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July 10, 2010

As a woman in planetary science, I find the news of Natalie Batalha‘s promotion to Deputy Science Team Director of the Kepler mission really exciting.  I’m of course happy when anyone I know is promoted, but I’ve only met Natalie once, so I couldn’t quite put my finger on why I was so psyched about her promotion. 

Then I remembered.  The statistics of women on missions are still so low that even small changes like a single woman’s promotion change the picture.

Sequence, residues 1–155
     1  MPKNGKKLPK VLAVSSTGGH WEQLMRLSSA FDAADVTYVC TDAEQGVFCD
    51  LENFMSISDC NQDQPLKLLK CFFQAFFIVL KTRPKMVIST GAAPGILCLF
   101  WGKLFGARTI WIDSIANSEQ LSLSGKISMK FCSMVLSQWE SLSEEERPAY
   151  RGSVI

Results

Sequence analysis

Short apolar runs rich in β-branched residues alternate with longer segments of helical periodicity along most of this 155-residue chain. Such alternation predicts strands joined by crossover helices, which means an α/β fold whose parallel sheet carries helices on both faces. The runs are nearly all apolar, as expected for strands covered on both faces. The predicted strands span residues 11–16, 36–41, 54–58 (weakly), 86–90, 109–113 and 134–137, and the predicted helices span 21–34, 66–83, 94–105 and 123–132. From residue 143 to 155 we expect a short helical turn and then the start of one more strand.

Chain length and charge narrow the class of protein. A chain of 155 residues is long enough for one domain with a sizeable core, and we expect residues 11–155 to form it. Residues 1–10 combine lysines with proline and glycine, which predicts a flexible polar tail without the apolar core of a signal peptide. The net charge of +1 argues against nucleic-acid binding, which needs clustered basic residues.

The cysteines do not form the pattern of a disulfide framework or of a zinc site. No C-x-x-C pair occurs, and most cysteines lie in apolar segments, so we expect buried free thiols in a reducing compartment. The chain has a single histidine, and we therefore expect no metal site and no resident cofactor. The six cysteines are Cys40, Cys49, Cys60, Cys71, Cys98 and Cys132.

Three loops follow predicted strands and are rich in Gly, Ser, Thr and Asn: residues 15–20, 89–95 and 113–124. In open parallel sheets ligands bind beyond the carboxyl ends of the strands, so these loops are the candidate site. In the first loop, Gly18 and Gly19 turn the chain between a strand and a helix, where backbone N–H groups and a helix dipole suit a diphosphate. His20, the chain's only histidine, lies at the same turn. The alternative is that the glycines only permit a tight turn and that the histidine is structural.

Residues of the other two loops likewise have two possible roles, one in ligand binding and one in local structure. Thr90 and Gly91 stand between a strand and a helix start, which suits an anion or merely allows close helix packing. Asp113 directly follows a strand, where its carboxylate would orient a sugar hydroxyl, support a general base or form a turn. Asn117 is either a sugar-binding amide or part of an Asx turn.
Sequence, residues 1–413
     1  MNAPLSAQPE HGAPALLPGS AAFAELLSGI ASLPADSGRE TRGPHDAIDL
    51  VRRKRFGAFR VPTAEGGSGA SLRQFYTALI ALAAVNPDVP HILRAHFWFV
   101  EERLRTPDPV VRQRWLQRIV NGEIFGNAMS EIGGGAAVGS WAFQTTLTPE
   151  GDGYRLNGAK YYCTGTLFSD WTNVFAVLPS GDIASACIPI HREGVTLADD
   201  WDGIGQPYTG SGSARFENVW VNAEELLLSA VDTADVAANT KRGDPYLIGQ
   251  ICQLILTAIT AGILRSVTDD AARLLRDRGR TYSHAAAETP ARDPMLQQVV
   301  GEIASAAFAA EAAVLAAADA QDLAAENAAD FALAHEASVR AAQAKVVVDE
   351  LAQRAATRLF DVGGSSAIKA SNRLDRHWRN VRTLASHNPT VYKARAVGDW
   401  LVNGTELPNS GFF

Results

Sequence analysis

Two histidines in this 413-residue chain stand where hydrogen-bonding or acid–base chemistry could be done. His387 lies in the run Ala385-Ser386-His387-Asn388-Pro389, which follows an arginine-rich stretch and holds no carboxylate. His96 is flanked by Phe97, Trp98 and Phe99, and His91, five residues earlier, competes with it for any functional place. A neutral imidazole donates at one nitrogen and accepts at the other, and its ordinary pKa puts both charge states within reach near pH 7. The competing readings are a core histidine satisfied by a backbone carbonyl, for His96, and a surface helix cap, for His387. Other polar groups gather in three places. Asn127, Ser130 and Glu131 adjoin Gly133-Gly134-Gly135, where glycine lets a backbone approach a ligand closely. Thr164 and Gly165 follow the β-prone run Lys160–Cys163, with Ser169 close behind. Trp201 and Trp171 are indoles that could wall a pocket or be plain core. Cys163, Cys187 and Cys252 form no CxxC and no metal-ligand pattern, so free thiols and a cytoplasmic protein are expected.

When Linda Spilker was recently promoted to Cassini Project Scientist (PS) and Amanda Hendrix took her place as Cassini Deputy Project Scientist (DPS), I had the same reaction.  I was overjoyed when Louise Prockter was named in mid-2009 as Deputy Project Scientist on MESSENGER, even though she replaced Deborah Domingue.  These changes, few though they may be, mean that the statistics in the following figure (from a paper discussing the historical representation of women on NASA planetary science mission teams) are becoming ever-so-slightly outdated. 

In my opinion, that is a welcome change.

Source:  Niebur, S. M. (2009) Women and Mission Leadership. Space Policy 26, November 2009, pp. 257-263.

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